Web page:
During Nelson Mandela’s 19 years imprisoned on Robben Island, one particular commanding officer was the most brutal of them all:
“A few days before Badenhorst’s departure, I was called to the main office. General Steyn was visiting the island and wanted to know if we had any complaints. Badenhorst was there as I went through a list of demands. When I had finished, Badenhorst spoke to me directly.
He told me he would be leaving the island and added: ‘I just want to wish you people good luck’. I do not know if I looked dumbfounded, but I was amazed. He spoke these words like a human being and showed a side of himself we had never seen before. I thanked him for his good wishes and wished him luck in his endeavours.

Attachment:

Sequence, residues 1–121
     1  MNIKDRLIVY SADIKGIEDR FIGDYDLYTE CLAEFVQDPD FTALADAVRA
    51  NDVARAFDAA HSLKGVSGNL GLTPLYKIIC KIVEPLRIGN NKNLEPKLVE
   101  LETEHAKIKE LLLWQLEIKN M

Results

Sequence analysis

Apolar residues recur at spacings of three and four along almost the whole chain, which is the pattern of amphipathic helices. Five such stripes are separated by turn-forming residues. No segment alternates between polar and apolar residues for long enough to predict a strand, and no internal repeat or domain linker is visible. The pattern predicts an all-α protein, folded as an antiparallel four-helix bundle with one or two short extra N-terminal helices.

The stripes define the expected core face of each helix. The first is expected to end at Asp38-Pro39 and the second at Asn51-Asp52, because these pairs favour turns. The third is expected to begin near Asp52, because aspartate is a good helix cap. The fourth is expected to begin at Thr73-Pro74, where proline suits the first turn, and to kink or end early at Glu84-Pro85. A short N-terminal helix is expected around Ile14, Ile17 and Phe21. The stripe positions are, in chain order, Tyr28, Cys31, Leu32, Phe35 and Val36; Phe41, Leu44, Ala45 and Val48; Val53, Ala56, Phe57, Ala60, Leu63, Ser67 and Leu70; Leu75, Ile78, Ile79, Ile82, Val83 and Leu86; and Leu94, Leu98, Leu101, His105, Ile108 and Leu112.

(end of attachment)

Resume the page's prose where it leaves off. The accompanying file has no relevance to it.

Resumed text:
I thought about this moment for a long time afterwards. Badenhorst had perhaps been the most callous and barbaric commanding officer we had had on Robben Island. But that day in the office, he had revealed that that there was another side to his nature, a side that had been obscured but still existed.
It was a useful reminder that all men, even the most seemingly cold-blooded, have a core of decency and that, if their hearts are touched, they are capable of changing. Ultimately, Badenhorst was not evil; his inhumanity had been foisted upon him by an inhuman system. He behaved like a brute because he was rewarded for brutish behaviour.”